The themes running through our tips primarily relate to the importance of relationships between the research team and clinical staff; good stakeholder involvement and getting early buy-in from the team; working effectively with ward staff who take on gatekeeper roles; and adapting to the particular demands of the clinical setting. Our findings are consistent with previous literature on successful recruitment to trials involving people with severe mental health problems that have also emphasised the key importance of the relationship between researchers and recruiting clinicians,Reference Peckham, Arundel, Bailey, Callen, Cusack and Crosland25 and support from senior staff to encourage staff participation.Reference Berry, Haddock, Kellett, Awenat, Szpak and Barrowclough26 A large-scale survey of clinical studies officers in mental health research networks (N = 170) found that a positive attitude toward the study among gatekeepers was the most commonly endorsed factor that was seen as facilitating trial recruitment. Conversely, gatekeeper perceptions that the intervention being tested would not likely be effective or appropriate for the target population was one of the most commonly reported barriers to recruitment, as it was seen as leading to staff being paternalistic and overprotective.Reference Borschmann, Patterson, Poovendran, Wilson and Weaver27 This is particularly relevant to recruitment of clinical populations such as people receiving in-patient psychiatric care, as staff may hold unhelpful beliefs about psychological interventions not being helpful, or potentially being destabilising at this point in the care pathway.Reference Wood, Williams, Billings and Johnson19 Similarly, a previous study has found that mental health nurses can be reluctant to refer people with psychosis to take part in trials if they think they would decline to participate, or may lack capacity to consent, even if this is not the case.Reference Mairs, Lovell and Keeley28 However, previous research shows that patients in general appreciate the opportunity to be invited to take part in research trials because they would like to help others with a similar condition, and to advance scientific knowledge in general,Reference Kost, Lee, Yessis, Coller and Henderson29,Reference McCann, Campbell and Entwistle30 and this has also been found to be the case for people diagnosed with severe mental health problems.Reference Thong, Ulph, Barrowclough and Gregg31 Talking to staff about their concerns and providing relevant counter-information can help allay such concerns.

Working in partnership with key stakeholders, including patients, carers and families, service managers and front-line clinical staff, is crucial for successful recruitment. Embedding these processes early on the process, and maintaining them throughout, is important as service managers and staff can feel reluctant to refer people into a trial they feel was approved ‘above their heads’.Reference Patterson, Kramo, Soteriou and Crawford6 This approach also helps to overcome any prior pessimism from staff regarding the likelihood of adopting research into practice following the completion of the research period, based on previous experiences of research.Reference James, Quirk, Patterson, Brennan and Stewart32 Theories from the field of implementation science, such as normalisation process theory,Reference May and Finch33 similarly emphasise the importance of staff ‘buy-in’ when implementing any new practice into a complex system, so that they can make sense of what they are being asked to do, and integrate it smoothly with existing practice. Relationships need to be built interpersonally – winning ‘hearts then minds’, as Patterson and colleagues put it.Reference Patterson, Mairs and Borschmann34 Relationships can be built effectively by establishing common ground between the values and intentions of the research team, and the clinical team (e.g. improving access to effective therapies).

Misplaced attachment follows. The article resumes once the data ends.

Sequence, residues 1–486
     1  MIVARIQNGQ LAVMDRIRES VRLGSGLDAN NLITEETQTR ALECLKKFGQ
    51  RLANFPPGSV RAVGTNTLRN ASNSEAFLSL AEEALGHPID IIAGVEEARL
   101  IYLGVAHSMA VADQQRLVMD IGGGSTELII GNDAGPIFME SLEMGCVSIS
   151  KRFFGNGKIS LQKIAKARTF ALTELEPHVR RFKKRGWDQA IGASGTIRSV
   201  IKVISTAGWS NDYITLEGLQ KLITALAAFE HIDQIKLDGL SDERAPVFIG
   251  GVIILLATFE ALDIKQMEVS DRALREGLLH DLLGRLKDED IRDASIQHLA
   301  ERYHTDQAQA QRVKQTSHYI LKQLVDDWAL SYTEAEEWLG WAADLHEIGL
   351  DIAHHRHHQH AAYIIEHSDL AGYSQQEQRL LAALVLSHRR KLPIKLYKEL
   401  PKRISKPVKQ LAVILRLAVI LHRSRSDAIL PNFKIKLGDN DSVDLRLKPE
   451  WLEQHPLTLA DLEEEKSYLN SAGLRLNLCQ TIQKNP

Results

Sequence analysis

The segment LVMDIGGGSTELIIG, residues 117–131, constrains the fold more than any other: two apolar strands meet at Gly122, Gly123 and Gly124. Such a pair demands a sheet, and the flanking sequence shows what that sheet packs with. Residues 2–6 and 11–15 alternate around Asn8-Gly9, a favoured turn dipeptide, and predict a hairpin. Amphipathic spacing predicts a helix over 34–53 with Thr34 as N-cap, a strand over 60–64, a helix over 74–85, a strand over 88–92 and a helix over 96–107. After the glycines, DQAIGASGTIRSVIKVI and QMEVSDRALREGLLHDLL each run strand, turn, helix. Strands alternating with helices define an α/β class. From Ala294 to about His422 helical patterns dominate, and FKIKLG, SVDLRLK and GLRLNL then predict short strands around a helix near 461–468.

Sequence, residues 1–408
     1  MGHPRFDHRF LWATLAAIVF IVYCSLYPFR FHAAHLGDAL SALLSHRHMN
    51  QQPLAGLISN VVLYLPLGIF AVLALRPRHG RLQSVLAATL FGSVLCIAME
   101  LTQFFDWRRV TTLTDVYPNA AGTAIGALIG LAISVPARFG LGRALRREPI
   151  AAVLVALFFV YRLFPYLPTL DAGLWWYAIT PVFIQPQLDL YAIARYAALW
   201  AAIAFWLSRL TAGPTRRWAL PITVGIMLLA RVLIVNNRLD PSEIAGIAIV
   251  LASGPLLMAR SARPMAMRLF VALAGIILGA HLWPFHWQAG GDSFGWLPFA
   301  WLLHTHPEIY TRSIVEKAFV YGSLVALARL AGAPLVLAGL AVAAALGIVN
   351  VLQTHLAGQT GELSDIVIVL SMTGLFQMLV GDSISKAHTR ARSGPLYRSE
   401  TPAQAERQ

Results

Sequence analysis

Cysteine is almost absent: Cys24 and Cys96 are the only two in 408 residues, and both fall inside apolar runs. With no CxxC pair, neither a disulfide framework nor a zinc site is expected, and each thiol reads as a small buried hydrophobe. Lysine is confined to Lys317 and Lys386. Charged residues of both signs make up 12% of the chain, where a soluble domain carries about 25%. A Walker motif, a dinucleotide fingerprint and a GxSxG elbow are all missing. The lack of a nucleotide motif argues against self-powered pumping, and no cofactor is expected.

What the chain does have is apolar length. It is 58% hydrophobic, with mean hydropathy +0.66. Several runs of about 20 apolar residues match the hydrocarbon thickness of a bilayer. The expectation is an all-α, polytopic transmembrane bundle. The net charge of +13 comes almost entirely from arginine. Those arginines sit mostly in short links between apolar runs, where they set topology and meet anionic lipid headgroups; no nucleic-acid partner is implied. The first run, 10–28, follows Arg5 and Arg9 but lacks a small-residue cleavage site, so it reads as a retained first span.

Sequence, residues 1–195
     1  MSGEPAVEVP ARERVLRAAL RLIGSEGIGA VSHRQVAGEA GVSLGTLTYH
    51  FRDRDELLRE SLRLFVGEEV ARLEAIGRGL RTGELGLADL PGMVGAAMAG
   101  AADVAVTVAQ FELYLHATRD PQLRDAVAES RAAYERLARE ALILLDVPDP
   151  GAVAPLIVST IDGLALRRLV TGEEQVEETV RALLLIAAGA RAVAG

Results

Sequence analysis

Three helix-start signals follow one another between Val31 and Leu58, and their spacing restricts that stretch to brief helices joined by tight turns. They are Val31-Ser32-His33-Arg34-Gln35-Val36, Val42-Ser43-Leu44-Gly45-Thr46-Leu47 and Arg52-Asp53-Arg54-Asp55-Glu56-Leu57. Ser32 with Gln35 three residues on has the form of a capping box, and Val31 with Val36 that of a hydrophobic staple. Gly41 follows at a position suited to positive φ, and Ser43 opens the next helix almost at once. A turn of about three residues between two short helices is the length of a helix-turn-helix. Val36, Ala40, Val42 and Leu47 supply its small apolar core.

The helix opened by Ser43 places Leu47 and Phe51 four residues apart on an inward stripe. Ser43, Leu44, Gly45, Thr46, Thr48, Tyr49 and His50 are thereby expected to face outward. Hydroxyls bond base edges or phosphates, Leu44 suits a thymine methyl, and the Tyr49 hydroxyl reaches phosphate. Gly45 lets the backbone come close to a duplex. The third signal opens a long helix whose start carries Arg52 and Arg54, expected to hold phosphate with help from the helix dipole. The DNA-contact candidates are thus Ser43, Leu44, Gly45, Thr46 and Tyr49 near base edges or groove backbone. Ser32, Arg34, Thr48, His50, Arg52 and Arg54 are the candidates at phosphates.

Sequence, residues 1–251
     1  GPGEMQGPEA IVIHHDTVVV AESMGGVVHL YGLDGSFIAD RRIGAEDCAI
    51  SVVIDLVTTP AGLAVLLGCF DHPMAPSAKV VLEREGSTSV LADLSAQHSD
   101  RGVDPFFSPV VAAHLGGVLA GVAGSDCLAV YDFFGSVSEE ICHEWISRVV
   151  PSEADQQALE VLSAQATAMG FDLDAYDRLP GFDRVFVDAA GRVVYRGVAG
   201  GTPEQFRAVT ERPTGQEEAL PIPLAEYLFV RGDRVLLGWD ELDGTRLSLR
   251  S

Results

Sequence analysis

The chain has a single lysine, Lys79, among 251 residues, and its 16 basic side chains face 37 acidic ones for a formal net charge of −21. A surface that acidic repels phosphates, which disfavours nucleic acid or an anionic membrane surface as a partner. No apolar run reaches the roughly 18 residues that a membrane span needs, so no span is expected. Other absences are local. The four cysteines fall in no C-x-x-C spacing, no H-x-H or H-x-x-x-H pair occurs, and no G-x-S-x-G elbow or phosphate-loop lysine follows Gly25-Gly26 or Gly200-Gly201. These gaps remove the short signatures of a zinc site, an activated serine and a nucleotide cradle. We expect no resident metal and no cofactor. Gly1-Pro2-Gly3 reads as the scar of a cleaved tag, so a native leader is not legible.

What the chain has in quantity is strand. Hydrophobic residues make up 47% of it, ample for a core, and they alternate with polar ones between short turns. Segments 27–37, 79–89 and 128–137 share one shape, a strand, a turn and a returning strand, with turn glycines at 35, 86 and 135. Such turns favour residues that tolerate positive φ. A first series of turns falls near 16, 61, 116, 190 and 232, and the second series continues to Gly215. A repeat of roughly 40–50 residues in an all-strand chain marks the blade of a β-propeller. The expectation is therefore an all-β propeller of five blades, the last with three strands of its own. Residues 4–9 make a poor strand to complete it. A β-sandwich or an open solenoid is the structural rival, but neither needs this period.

Adapting to the fast-paced and often unpredictable nature of acute psychiatric care is also essential. We found that tailoring the trial design to the clinical setting, such as having more frequent screening visits to the wards and minimising the time window between randomisation and start of treatment, were crucial to success. These are analogous to adaptations already used in clinical trials in other challenging settings, such as hospital emergency departments.Reference Ni, Bermudez, Kennebeck, Liddy-Hicks and Dexheimer35,Reference Cofield, Conwit, Barsan and Quinn36